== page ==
Blog

 Industry Partners


Prairie Swine Centre is an affiliate of the University of Saskatchewan


Prairie Swine Centre is grateful for the assistance of the George Morris Centre in developing the economics portion of Pork Insight.

Financial support for the Enterprise Model Project and Pork Insight has been provided by:



Feeding and barn management practices that improve feed efficiency

Posted in: Pork Insight Articles, Production by katrina on March 30, 2012

This presentation by Dr. Goodband of Kansas State University was presented at the 2nd in a series of 8 webinars on Feed Efficiency hosted by Prairie Swine Centre.  To access the presentation scroll down and click on Download PDF

Effect of crude glycerol combined with solvent-extracted or expeller-pressed canola meal on growth performance and diet nutrient digestibility of weaned pigs

Posted in: Pork Insight Articles, Production, Swine Innovation by katrina on March 15, 2012

Partially substituting soybean meal and wheat with canola co-products was evaluated using 240 weaned pigs [6.3 kg initial body weight (BW)]. Pigs were fed for 4 week pelleted diets containing 150 g/kg of solvent-extracted or expeller-pressed canola meal either with 0 or 50 g/kg crude glycerol or a soybean meal control diet to measure performance and diet nutrient digestibility. The wheat-based diets were formulated to contain 9.45 MJ/kg net energy (NE) and 1.13 g standardised ileal digestible (SID) lysine (Lys)/MJ NE. Glycerol increased (P<0.05) diet digestible energy content by 0.6 and 0.2 MJ/kg of dry matter for solvent-extracted and expeller-pressed canola meal diets, respectively. Canola co-product diets had a lower (P<0.05) nutrient digestibility than the control diet, while DE content did not differ. For days 0–28, BW gain and feed efficiency did not differ between the types of canola meal, the two levels of glycerol, and the canola co-product diets and control diet, although feed intake was 6% higher (P<0.05) for the control than canola co-product diets. In conclusion, 150 g/kg of solvent-extracted or expeller-pressed canola meal or with 50 g/kg glycerol can partially replace soybean meal and wheat in diets formulated to equal NE and SID amino acid content fed to weaned pigs without affecting growth performance.

© 2011 Elsevier B.V. All rights reserved.

The effect of feeding expeller-pressed canola meal on growth performance and diet nutrient digestibility in weaned pigs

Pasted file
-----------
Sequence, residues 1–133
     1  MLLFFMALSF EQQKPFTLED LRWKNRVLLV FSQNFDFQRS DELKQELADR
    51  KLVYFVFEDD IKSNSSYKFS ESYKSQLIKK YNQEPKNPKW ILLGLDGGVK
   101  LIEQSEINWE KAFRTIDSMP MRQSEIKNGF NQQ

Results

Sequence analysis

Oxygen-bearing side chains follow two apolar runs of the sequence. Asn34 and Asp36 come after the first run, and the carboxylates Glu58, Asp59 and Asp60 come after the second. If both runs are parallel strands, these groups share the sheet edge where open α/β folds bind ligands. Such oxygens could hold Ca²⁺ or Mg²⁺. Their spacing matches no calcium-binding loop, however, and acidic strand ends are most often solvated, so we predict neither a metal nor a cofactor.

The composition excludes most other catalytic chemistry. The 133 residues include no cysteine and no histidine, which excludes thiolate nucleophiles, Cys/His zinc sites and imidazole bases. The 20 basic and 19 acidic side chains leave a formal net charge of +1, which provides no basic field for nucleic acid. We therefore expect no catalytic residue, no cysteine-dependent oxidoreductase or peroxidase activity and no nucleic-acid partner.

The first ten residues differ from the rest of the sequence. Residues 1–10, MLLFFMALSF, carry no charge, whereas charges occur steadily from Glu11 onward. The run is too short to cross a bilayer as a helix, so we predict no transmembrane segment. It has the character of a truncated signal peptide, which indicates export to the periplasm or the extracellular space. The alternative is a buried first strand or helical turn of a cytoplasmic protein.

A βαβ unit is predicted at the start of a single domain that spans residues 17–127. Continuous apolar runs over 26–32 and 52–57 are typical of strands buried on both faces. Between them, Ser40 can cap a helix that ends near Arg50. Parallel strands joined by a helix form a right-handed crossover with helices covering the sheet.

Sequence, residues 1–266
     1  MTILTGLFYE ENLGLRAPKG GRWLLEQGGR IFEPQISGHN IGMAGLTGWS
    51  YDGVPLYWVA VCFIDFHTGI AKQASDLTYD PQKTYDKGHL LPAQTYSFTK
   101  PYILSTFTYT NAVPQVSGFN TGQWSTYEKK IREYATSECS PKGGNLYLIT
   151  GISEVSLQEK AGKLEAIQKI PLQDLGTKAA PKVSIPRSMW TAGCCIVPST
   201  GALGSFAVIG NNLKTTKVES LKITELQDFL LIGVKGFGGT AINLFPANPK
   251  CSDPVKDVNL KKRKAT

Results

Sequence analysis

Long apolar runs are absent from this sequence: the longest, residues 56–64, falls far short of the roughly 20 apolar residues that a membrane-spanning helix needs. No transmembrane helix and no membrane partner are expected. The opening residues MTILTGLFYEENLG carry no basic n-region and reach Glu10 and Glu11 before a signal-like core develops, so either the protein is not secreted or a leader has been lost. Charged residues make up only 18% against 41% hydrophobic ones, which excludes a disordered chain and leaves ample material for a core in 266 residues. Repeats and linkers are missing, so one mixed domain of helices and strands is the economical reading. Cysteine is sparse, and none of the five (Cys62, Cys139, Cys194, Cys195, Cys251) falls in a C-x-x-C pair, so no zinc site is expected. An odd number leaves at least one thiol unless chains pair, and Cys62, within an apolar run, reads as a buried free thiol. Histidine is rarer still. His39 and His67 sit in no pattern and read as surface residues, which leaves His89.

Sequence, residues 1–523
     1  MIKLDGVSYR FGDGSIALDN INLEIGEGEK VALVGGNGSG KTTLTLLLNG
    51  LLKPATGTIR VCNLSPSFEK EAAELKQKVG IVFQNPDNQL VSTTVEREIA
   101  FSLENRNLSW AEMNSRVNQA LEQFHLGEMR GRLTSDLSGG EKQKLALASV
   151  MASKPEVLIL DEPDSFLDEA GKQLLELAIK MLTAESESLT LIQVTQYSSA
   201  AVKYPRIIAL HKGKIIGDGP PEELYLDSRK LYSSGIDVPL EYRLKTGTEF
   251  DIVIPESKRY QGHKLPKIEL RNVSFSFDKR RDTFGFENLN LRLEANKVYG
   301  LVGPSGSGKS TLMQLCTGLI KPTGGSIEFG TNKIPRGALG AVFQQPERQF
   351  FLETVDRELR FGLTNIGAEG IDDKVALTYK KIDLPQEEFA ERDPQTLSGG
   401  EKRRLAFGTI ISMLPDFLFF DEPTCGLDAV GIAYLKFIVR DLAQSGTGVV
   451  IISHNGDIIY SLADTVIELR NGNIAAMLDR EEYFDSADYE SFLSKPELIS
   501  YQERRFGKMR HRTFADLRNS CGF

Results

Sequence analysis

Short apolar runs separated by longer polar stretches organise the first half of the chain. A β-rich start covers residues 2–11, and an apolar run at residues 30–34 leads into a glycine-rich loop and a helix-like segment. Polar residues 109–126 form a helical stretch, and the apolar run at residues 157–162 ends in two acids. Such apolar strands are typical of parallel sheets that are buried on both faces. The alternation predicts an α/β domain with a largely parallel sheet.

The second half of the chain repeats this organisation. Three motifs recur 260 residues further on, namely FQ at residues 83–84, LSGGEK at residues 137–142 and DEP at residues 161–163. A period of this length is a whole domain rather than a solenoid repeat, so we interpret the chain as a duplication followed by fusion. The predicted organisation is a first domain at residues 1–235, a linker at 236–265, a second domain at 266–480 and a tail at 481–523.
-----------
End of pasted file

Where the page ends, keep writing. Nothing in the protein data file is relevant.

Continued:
Posted in: Pork Insight Articles, Production, Swine Innovation by katrina on

The effects of feeding increasing levels of expeller-pressed (EP) canola meal in substitution for soybean meal as an energy and amino acid source were evaluated in 240 weaned pigs with an initial body weight of 7.3 ± 0.6 kg. Five pelleted wheat-based diets containing 0, 50, 100, 150 or 200 g EP canola meal/kg were formulated to contain 10.0 MJ net energy (NE)/kg and 1.18 g standardised ileal digestible (SID) lysine/MJ NE and were fed for 4 wk starting 1 wk after weaning at 19 days of age. Expeller-pressed canola meal was added at the expense of soybean meal and the diets were balanced for NE using canola oil and for amino acids using crystalline lysine, methionine, threonine and tryptophan. Increasing inclusion of EP canola meal linearly reduced (P<0.001) the apparent total tract digestibility of energy, dry matter and crude protein and the digestible energy content of diets. From 0 to 28 days on trial, increasing inclusion of EP canola meal did not affect body weight gain, feed intake and feed efficiency. In conclusion, up to 200 g EP canola meal/kg can replace soybean meal in diets formulated to equal NE and SID amino acid content and fed to nursery pigs starting 1 wk after weaning without reducing growth performance.

© 2011 Elsevier B.V. All rights reserved.

The effect of feeding solvent-extracted canola meal on growth performance and diet nutrient digestibility in weaned pigs

Posted in: Pork Insight Articles, Production, Swine Innovation by katrina on